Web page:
A few days ago, some of the librarians and patrons here at CLP Main were lucky enough to catch a rare sight: a large, white and brown bird landed in one of the mulberry trees just outside of the main entrance, and proceeded to eat her lunch: a freshly caught squirrel.
While we aren’t exactly expert bird-watchers, we do know where to look to identify a feathered creature, and our guess is that this particular bird is a juvenile red-tailed hawk. That might explain her unusual perch. As WQED’s Kate St. John writes on her blog Outside My Window: A Bird Watcher’s View of the World, juvenile hawks can be boldly unruffled by human proximity when they’re hungry. This particular hawk was equally blasé about the nearby humans, the below-freezing temperature, and the ferociously icy winds that stirred her feathers.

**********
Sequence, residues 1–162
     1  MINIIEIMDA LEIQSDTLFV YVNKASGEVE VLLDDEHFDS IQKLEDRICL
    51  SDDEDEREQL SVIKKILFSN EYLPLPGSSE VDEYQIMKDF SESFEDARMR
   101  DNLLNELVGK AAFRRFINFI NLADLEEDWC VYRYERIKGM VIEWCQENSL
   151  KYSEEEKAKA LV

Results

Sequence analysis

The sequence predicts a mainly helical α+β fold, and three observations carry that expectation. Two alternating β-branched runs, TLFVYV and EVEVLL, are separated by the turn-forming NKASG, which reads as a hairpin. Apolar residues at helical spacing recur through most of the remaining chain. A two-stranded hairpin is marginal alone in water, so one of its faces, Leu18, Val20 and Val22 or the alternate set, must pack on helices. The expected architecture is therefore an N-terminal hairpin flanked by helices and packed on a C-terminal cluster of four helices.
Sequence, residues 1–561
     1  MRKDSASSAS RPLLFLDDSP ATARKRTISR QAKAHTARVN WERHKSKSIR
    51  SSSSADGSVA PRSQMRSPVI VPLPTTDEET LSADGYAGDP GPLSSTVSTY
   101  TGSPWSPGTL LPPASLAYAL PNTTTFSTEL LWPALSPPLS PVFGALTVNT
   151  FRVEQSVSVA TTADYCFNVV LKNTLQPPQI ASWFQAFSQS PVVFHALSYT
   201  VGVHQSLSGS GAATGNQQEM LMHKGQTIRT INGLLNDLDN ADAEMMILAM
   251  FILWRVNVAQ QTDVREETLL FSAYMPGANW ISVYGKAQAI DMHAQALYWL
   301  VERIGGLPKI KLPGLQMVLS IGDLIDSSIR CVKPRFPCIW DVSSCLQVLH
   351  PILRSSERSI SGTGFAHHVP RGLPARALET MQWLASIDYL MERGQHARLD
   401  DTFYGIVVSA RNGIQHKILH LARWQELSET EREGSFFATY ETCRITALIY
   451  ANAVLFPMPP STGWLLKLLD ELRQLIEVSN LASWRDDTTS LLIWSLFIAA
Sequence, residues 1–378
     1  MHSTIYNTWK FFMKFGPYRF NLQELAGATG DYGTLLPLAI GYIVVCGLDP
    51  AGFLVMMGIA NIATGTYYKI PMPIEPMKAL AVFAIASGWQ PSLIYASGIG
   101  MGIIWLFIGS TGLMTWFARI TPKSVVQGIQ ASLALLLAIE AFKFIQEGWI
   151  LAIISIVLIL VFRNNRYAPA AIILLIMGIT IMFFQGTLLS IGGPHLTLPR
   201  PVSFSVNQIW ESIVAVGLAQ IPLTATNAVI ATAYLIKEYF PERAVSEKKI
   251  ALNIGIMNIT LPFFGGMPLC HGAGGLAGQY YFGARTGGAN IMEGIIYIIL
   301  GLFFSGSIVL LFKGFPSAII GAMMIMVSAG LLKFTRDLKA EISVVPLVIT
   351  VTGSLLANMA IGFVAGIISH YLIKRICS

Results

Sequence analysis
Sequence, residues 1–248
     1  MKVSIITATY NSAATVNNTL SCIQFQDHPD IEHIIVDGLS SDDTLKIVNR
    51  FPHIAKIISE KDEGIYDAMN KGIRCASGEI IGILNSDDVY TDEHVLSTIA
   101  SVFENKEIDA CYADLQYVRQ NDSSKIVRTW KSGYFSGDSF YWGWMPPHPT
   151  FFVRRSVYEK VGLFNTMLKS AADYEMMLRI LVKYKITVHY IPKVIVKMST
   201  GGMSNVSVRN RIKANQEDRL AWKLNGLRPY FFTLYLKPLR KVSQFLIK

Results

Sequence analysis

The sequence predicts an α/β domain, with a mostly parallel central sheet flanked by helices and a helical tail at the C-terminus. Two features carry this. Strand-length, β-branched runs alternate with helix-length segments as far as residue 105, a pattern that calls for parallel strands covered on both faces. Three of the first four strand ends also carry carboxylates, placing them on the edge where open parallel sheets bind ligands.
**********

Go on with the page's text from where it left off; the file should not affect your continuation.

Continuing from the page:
Because the mulberry tree is relatively short and very close to the building, the hawk’s position created the opportunity to get very close to a truly impressive natural sight and take some photos! Lucky for us (but not for the squirrel).
A caution, gentle readers, some of these shots are a little graphic.
Happy New Year, everyone. May you clobber the squirrelly troubles of the past year with clear-sightedness, feathery grace, and talon-sharp fierceness and internalize their lessons to fuel your flight in the year to come.